Student Contributor Book Review: Jarvis Clutch – Social Spy

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Jarvis Clutch graphic

The following book review was written by a student contributor, aged 13. The review is published as submitted to preserve the perspective and ability of the contributor.

This book is written by Dr. Mel Levine, a pediatrician and author and Jarvis Clutch, a middle school student. Jarvis is a kid who documents and analyzes social behaviors of other students around his middle school with Dr. Levine, for a period of time. He documents behaviors such as: social categories, peer pressure, social cognition, and fitting in.

Social Categories
There are 5 social categories in every school. The 5 categories are…
1. Popular – Respected by large amounts of students and have good reputations.
2. Fairly Likable – Generally well liked, mostly nice, not everyone knows them.
3. Controversial – Popular with some students, unpopular with others, usually part of a group of kids not accepted by other groups.
4. Mostly Hidden – Nobody knows them well at all, they seem to be invisible a majority of the time.
5. Rejected – Usually feel miserable, They are often excluded from other activities with peers.
Fitting In
In order to change your social category or fit into a certain category, you need to get along with other students. Fitting in with other students consists of talking right, acting right, and seeming right.

Seeming Right includes looking right and acting right. Your appearance can play a big roll in your social status. How you move your body can make a big social difference. You could be too close or too far from a person. Some people don’t like their peers being hyperactive. Seeming cool affects your social image. How might you seem cool to people? Looking as if something doesn’t bother you, walking and talking smoothly, you’re accepted by at least one group. All of the preceding were things that people interpret as cool.

Talking Right is another part of fitting in, it can shape the way people see you. Your tone can change the meaning of the things you say. Along with the tone is word choice. Someone who uses positive, kind words has a better chance of being accepted, rather than someone who uses mean, insulting words. People who can regulate their tone and use appropriate language are usually good at carrying out conversations. Skilled conversations require you to listen, wait, and then respond to whatever the person may have said. Conversation is a good skill to have because you will utilize it very often.

Acting Right, is a critical part of your social cognition, the most important part in my opinion. Many of your peers will judge you by your actions. It is also a way of being socially accepted.

Avoiding aggression is very important to your image. Peers can be aggressive because: they may be too competitive, they may be insensitive to others feelings, or they could have a bad aggressive habit.

Social reacting is the way someone addresses or reacts to a problem. For example, Ben had his pencil broken by Jim, an older student. Ben could respond by: A. Telling a teacher, B. Throwing a temper tantrum, or C. Asking the Jim for another pencil. Two of these three options would be socially acceptable because the right things to do would be to either tell a teacher or ask the student for one of their pencils. Throwing a temper tantrum over a small matter would be disruptive to the other student’s learning.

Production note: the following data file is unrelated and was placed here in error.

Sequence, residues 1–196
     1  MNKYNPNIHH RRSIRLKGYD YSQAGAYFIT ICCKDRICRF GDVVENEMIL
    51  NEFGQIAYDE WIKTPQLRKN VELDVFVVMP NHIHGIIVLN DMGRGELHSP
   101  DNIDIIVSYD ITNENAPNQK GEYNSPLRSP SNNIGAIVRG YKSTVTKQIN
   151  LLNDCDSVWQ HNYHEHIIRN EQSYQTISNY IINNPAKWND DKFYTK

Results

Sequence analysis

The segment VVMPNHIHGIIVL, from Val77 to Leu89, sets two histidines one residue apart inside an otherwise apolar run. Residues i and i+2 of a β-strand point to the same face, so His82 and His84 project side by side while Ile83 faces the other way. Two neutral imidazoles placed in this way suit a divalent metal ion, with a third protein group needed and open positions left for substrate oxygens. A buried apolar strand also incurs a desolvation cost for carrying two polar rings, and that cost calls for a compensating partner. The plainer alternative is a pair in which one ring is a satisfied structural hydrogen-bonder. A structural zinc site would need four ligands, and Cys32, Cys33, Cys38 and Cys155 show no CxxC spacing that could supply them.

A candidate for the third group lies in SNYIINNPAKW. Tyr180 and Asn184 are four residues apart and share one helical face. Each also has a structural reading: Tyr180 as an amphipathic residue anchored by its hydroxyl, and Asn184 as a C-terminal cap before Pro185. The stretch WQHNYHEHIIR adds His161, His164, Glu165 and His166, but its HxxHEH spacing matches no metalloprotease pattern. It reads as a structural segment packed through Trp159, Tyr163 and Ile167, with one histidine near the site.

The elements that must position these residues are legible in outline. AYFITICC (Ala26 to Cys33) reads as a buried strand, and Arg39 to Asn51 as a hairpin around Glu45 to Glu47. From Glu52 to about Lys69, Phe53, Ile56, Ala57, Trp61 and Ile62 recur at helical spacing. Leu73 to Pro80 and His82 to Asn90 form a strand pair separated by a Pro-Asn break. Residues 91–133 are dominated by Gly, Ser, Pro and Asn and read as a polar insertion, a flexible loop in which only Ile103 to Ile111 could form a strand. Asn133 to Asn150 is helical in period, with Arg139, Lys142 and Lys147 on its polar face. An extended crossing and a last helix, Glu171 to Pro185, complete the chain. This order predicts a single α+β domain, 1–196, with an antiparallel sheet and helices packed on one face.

After a conflict has occurred, conflict repair should come into play. Conflict repair is when the parties involved in the incident figure out how to make things right with each other. Conflict repair for the situation with Ben and Jim would include Jim apologizing to Ben and offering to replace his broken pencil.

Collaboration powers and holds any group project together. No matter what kind of project or job your group needs to complete, collaboration will always dictate whether or not the project gets done well. The key to collaborating with peers is agreement. When everyone can agree with each other the project will move forward much smoother.

Competitive behaviors are very common in schools. Everyone is trying to be better than everyone else in some area or subject. There is nothing wrong about being competitive but the main issue with this behavior is the way it can break friendships apart and become unhealthy. Some people become so competitive with each other they are willing to go to extremes (unhealthy decisions) just to win. These competitions put strain on relationships causing them to fall apart and sometimes become “rival”.

Being the best person you can be socially can be tough. Self monitoring can help you help yourself. Self monitoring is watching how you speak and act so you can improve your behaviors later. By doing so you will get better at socializing. To understand how you can self monitor, it is better to talk to a counselor, therapist, psychiatrist, or psychologist about what you think you are struggling with and they can tell you what you should look out for when you are interacting with the community.
I thought this book had a lot of information in it that made sense to me. It was well written and I was able to learn about different social categories that I never knew existed. I never really focus on social groups when I’m at school because I wasn’t that interested in who was in them or what they did. This book has helped me understand some previous challenges that I’ve had with peers at other schools. It also helped me understand why people have reacted to my behaviors in the past.